Facebook, Twitter and similar websites have become omnipresent in the lives of many people across the country, but experts warn that some Internet activity could jeopardize the results of your divorce. Michigan and most other states lack laws explicitly addressing the use of online posts in divorce cases. As a result, many family courts have begun to allow Facebook posts, tweets and other similar data to be discovered as evidence during divorce proceedings.
For individuals who have become accustomed to sharing details of their lives with their Facebook friends and members of other online communities, posts that bad-mouth a spouse or photos that publicize a relationship with a new partner can have devastating consequences in a divorce trial. Even "private" Facebook posts can be accessed easily by your ex-spouse and his or her attorney, making it crucial to avoid sharing information that could be used against you in court.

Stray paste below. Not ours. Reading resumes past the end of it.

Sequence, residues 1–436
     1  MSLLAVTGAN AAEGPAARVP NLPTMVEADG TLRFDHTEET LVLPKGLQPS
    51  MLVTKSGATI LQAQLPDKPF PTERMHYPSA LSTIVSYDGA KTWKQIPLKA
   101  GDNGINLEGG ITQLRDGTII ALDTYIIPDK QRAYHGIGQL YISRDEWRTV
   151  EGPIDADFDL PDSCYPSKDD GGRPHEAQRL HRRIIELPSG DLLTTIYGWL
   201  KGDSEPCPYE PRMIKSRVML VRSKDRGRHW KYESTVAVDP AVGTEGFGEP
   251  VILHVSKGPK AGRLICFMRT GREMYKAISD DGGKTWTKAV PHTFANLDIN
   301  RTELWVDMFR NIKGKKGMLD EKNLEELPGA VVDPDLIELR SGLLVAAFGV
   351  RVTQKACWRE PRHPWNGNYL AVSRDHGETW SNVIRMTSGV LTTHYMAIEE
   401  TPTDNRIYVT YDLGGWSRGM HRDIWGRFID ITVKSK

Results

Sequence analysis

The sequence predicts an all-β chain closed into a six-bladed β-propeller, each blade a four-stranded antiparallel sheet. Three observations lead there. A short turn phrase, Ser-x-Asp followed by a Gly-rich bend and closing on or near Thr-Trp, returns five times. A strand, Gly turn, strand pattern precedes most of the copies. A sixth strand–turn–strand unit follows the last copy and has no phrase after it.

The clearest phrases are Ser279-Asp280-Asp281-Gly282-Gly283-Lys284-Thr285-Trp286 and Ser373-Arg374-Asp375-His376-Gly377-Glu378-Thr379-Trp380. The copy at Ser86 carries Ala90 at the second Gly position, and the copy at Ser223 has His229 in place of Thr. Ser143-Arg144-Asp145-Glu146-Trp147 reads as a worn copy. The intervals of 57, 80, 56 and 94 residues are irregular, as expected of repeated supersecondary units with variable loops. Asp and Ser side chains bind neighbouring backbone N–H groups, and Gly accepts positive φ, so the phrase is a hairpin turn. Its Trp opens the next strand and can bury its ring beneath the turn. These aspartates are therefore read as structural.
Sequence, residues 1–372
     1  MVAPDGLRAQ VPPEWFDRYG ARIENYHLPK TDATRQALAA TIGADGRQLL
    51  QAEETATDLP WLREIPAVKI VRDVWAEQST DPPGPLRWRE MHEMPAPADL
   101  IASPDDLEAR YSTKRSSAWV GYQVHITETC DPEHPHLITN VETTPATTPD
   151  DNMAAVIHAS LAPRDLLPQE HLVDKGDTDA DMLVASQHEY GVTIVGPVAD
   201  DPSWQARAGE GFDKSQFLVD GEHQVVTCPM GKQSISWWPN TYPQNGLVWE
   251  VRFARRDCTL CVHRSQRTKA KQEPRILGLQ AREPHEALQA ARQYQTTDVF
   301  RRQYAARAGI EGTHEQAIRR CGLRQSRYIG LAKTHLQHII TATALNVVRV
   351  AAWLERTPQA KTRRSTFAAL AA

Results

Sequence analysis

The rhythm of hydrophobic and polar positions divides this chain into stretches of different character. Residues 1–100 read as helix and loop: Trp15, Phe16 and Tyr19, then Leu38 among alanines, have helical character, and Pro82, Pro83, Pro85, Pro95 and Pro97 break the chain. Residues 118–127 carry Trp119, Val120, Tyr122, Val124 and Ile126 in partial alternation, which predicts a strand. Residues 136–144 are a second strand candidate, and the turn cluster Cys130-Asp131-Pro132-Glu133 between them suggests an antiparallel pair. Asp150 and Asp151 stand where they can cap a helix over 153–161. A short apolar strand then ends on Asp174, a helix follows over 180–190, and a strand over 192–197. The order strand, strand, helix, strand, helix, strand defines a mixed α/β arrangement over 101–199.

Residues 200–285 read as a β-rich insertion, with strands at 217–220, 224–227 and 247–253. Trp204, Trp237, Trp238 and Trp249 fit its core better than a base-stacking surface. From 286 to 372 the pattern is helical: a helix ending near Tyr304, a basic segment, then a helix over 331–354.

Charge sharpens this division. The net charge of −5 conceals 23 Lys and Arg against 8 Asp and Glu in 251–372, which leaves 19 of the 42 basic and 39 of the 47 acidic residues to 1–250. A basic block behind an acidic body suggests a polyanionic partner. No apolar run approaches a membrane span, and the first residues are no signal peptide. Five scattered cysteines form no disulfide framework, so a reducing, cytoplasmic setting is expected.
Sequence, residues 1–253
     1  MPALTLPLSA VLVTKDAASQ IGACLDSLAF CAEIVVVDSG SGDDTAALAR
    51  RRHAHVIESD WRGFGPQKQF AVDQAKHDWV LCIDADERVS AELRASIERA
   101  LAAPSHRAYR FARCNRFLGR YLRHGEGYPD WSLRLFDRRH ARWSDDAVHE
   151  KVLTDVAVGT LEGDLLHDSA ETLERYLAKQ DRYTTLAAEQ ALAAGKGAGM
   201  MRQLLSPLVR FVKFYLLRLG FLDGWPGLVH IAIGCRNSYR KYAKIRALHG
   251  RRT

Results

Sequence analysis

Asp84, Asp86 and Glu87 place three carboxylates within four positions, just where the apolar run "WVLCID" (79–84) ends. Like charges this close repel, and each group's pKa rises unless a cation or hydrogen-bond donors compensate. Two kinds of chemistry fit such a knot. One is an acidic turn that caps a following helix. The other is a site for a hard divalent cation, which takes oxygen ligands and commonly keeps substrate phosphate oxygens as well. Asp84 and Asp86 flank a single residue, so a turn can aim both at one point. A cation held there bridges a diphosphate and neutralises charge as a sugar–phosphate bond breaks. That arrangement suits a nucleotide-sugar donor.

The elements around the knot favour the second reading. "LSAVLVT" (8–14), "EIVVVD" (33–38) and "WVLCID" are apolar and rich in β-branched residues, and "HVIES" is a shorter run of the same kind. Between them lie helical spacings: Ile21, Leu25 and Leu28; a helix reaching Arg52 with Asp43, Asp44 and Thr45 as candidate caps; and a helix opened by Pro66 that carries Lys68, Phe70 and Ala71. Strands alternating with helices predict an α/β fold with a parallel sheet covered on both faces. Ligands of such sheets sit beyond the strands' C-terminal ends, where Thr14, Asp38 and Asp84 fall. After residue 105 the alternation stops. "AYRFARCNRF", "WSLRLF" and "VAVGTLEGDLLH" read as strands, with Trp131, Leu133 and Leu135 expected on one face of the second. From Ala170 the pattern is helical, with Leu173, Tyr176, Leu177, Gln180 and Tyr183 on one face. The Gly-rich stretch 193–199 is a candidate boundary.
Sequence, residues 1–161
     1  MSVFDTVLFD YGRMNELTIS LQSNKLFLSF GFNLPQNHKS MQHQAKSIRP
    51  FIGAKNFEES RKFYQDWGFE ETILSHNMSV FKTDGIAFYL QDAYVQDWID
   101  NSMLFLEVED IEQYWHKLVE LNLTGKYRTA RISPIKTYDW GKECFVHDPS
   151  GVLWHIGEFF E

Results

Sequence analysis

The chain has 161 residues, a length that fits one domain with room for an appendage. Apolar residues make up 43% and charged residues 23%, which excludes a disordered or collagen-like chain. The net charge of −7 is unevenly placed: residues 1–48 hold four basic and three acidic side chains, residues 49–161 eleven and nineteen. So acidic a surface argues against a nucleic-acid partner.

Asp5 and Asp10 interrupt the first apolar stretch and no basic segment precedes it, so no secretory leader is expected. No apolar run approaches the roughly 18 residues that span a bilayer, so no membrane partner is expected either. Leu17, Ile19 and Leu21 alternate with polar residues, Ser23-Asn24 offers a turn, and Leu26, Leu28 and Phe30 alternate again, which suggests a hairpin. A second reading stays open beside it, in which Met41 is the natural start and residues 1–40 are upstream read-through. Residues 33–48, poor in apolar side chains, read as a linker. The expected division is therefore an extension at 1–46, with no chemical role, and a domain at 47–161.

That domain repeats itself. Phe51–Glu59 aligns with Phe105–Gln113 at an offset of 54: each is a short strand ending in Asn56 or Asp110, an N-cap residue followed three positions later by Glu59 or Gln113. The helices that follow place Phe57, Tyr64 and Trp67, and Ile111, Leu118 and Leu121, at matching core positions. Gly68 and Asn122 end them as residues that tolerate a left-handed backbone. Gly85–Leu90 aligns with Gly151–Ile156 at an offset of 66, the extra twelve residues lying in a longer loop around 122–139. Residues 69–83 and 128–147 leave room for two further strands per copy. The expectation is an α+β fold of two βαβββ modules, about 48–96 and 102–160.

For example, an ex-spouse could argue that an obscene comment shows you to be verbally abusive, or that pictures of you partying and drinking alcohol suggest that you are an unfit parent. Even a post you later delete can be recovered to be used in court, as can a seemingly innocent comment. The impressions offered by the posts could affect awards regarding spousal support or child custody and support.
As such, experts recommend that individuals undergoing a divorce avoid discussing their case online in any form. Those who feel the need to vent about their soon-to-be-ex-spouses should instead call a friend or talk about their concerns in person in order to protect themselves from self-incrimination.
By employing a qualified divorce attorney, Michigan residents can ensure that they avoid the damaging consequences of posting about their divorce online. In addition to handling complex legal matters, an attorney can provide advice on how to protect your interests from being jeopardized and ensure that your divorce ends as positively as possible.
Source: The Huffington Post, "Step Away From the Computer: Why Divorce And The Internet Don't Mix," Jason Marks, Oct. 15, 2012